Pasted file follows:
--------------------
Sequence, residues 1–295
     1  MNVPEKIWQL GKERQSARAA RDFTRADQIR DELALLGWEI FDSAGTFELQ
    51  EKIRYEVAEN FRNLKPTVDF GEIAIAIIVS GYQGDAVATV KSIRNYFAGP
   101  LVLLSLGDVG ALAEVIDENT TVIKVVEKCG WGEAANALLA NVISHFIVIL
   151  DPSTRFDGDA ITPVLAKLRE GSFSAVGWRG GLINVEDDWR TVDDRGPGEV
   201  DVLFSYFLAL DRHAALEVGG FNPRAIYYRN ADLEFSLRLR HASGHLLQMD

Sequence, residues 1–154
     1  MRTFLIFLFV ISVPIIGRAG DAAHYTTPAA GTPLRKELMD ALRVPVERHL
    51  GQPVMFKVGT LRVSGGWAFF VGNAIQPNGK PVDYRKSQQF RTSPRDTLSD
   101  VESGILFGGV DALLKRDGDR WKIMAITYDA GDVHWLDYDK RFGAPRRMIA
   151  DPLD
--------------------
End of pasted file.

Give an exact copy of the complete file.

Sequence, residues 1–295
     1  MNVPEKIWQL GKERQSARAA RDFTRADQIR DELALLGWEI FDSAGTFELQ
    51  EKIRYEVAEN FRNLKPTVDF GEIAIAIIVS GYQGDAVATV KSIRNYFAGP
   101  LVLLSLGDVG ALAEVIDENT TVIKVVEKCG WGEAANALLA NVISHFIVIL
   151  DPSTRFDGDA ITPVLAKLRE GSFSAVGWRG GLINVEDDWR TVDDRGPGEV
   201  DVLFSYFLAL DRHAALEVGG FNPRAIYYRN ADLEFSLRLR HASGHLLQMD

Sequence, residues 1–154
     1  MRTFLIFLFV ISVPIIGRAG DAAHYTTPAA GTPLRKELMD ALRVPVERHL
    51  GQPVMFKVGT LRVSGGWAFF VGNAIQPNGK PVDYRKSQQF RTSPRDTLSD
   101  VESGILFGGV DALLKRDGDR WKIMAITYDA GDVHWLDYDK RFGAPRRMIA
   151  DPLD